Merger and acquisition activity in the U.S. media and telecommunications industry picked up in 2017, though the value of those deals was lower, according to a report by PwC.
There were 876 deals announced in 2017, up 29% from the year before.
Those deals were worth $138.8 billion, down 31%.
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Most of the value of those deals was wrapped up in a handful of what PwC terms megadeals, worth $5 billion or more.
Those transactions were the Walt Disney Co.’s proposal to acquire TV and studio assets from 21st Century Fox worth $68.4 billion, Discovery Communication’s bid to acquire Scripps Networks Interactive, worth $11.8 billion and Crown Castle International Corp.’s acquisition of Lightower Fiber Networks, worth $7.1 billion.
PwC said there were another 15 deals valued between $1 billion and $5 billion in 2017.
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The deals come amid big changes in the media business.
“The traditional media players are re-focusing their strategy as they consider what their position will be in the ecosystem and whether they will be part of the next big deal, while non-traditional media players are honing in on the next big value play as they look to have a stake in the new future of [media,]” PwC said in its report.
“Given the robust deal market in 2017, we expect 2018 to be another banner year as companies look to expand on their capabilities and portfolio,” said Bart Spiegel, U.S. media & telecommunications deals partner at PwC. “Many of the deal theses underpinning 2017 M&A will continue into 2018.”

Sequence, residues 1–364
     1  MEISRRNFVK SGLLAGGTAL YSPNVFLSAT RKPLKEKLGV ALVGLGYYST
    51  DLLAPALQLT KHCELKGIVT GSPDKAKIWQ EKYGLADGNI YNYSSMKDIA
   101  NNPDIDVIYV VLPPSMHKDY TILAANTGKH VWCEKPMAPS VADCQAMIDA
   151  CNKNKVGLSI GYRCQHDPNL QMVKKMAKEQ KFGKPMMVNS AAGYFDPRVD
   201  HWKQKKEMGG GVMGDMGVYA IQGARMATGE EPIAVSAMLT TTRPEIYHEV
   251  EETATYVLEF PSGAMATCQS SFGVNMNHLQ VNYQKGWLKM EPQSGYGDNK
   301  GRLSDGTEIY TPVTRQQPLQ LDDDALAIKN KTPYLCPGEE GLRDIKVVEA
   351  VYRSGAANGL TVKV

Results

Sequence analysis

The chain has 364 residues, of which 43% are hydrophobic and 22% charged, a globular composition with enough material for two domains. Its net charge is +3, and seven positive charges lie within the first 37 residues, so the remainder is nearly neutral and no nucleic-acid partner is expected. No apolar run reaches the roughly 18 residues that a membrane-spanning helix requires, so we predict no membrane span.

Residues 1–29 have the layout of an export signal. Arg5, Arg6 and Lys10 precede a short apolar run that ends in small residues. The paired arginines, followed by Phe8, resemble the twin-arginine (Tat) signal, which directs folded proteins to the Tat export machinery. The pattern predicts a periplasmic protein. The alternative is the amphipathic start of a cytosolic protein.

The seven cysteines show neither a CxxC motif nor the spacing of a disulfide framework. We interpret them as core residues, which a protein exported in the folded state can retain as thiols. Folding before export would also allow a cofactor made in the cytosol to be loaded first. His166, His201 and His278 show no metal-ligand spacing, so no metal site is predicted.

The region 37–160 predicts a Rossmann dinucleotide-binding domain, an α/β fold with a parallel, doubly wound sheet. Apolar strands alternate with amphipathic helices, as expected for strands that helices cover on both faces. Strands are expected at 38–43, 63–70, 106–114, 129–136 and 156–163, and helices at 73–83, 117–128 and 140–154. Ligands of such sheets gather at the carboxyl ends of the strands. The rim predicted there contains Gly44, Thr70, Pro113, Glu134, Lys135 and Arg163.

Related: The Five Biggest Deals of 2017
In its report, PwC identified trends that will drive deal making as well as shaping the media and telecom landscape.
- The rise of artificial intelligence
- The importance of creating authentic user experiences
- Headline-making mega deals as companies seek scale, access to content, technology and operating efficiencies
- Growth of internet video, internet ads and gaming
- Network upgrades by telecom companies
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Jon has been business editor of Broadcasting+Cable since 2010. He focuses on revenue-generating activities, including advertising and distribution, as well as executive intrigue and merger and acquisition activity. Just about any story is fair game, if a dollar sign can make its way into the article. Before B+C, Jon covered the industry for TVWeek, Cable World, Electronic Media, Advertising Age and The New York Post. A native New Yorker, Jon is hiding in plain sight in the suburbs of Chicago.